Barcelona is a cosmopolitan metropolis on Spain’s east coast. Voted by National Geographic as the best beach city in the world, it is a very attractive holiday destination. Each year 8 million people visit Barcelona, making it Europe’s third most visited city.
This was my first visit to the Catalan capital, which meant I made some basic errors; I queued for hours, ate poor tapas and spent too long warding off street vendors on the beach front and on Las Ramblas. I made these mistakes, so you don’t have to. If, like me, the thought of elderly Americans shuffling through foreign streets, gazing at historic scenes through their camera lenses makes your skin crawl, my guide to Barcelona should help you to avoid the torturous crowds.
A major tourist attraction, the gardens, designed by Antoní Gaudí, offer tremendous aerial views of Barcelona’s city scape. Although many people flood here to see the Catalan artist’s melting architecture, Güell, being a park, presents those with a phobia of crowds the opportunity to absorb the awe-inspiring views in solitude. Like most major tourist attractions around the world, entrance to the centre of the park – the area which encloses the majority of the art nouveau buildings – incurs a fee. Personally, I believe it is ridiculous; paying to stare at a building’s façade. Thus, I did not enter. There are plenty of structures around Güell which enable you to gain an understanding of Gaudí’s style without paying for the privilege of using your eyes.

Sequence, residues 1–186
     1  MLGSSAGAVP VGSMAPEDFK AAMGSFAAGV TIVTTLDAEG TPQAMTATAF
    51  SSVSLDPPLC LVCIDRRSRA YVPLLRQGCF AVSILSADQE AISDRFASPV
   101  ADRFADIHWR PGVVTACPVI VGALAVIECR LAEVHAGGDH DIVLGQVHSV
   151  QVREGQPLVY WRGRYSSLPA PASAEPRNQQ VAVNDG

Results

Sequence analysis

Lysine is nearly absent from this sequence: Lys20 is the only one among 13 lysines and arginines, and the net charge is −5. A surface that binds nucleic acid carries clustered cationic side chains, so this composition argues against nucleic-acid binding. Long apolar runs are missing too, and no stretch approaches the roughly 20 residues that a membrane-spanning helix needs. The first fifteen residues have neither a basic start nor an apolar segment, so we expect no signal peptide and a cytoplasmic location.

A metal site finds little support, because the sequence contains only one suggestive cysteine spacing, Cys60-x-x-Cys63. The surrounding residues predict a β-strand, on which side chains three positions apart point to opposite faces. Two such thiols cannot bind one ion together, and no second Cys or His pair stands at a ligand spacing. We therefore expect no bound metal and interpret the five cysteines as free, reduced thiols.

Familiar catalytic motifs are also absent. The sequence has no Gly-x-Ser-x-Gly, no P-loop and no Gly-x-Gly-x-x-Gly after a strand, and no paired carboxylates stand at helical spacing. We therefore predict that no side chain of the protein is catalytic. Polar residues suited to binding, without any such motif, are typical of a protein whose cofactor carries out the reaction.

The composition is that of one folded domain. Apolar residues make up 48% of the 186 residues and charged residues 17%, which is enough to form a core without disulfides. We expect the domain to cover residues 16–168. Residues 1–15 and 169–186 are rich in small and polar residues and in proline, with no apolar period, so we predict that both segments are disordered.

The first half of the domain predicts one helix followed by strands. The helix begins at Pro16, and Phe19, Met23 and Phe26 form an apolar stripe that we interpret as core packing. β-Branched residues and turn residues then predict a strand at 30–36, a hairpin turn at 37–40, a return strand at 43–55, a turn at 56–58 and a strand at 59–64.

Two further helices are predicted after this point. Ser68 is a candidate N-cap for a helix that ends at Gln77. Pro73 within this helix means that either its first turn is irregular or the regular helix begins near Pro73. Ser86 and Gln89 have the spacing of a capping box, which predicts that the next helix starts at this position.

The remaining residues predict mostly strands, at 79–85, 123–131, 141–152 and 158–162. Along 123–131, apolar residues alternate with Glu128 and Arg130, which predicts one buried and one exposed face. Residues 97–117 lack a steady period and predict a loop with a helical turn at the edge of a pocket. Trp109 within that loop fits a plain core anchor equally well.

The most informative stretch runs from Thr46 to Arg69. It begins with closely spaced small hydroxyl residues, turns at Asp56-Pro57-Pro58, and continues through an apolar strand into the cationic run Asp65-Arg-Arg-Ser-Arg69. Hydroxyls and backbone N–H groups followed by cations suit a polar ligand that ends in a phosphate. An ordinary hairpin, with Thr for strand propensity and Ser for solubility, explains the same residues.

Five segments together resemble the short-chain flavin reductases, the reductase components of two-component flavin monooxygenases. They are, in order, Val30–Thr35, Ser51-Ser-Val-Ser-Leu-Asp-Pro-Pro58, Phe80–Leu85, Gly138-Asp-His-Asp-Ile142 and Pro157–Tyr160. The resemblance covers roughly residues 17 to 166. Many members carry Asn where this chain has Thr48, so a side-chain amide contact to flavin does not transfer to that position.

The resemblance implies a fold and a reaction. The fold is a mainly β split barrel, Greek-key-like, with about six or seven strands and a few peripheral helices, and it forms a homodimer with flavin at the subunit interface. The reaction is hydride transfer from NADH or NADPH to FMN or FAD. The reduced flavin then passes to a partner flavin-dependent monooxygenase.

Alternatively, if you really despise other people, Parc del Guinardό, a small walk east of Güell, houses the greatest view of Barcelona, superior to the sight at Gaudí’s park. Just look for the sign-posted Gran Vista. Cockatoos, pigeons, parrots and lizards live harmoniously in this four tiered park which is frequented only by locals, a true escape from Barcelona’s throbbing throngs of tourists.
Intrigued by Gaudí’s unusual style at Parc Güell, our curiosity led us to Casa Batllό. Gaudí’s architectural jewel stands audaciously on Passeig de Gracia, strikingly different from its neighbouring facades. Regardless of the fact it is infested with tourists, it would be blasphemous not to visit. I was astounded by the combination of beauty, ergonomics and unique design. Particularly impressive were the brass door handles, which Gaudí himself moulded from clay to fit perfectly in the hand. Admittedly, we spent over an hour in the queue but Casa Batllό is like no other museum I have visited; the guided audio tour was informative and the whole experience was invitingly interactive, which is important in understanding the artists thought processes and influences. If you can suppress your social anxiety for a few hours, give Batllό a go.
The Catalan region is famed for producing cava. If you would like to drink some excellent sparkle without paying tourist prices, La Xampaneria, located near Barceloneta metro station and the Gothic Quarter, is a great place for doing just that. For just €7 you can buy a bottle of Can Paixano, a sweet, pink cava which is extremely quaffable. There is also a great selection of small bites to accompany the booze. The croquettes, of which we ordered numerous plates, were delicious, especially when dipped in the bar’s homemade honey mustard sauce. The boquerones – anchovies – a new favourite bar snack of mine, are served swimming in paprika and olive oil. We struggled to move through the jolly mass of people and constantly clashed elbows when guiding cava to our mouths. There were, however, very few tourists here, Spanish was the only language we heard spoken.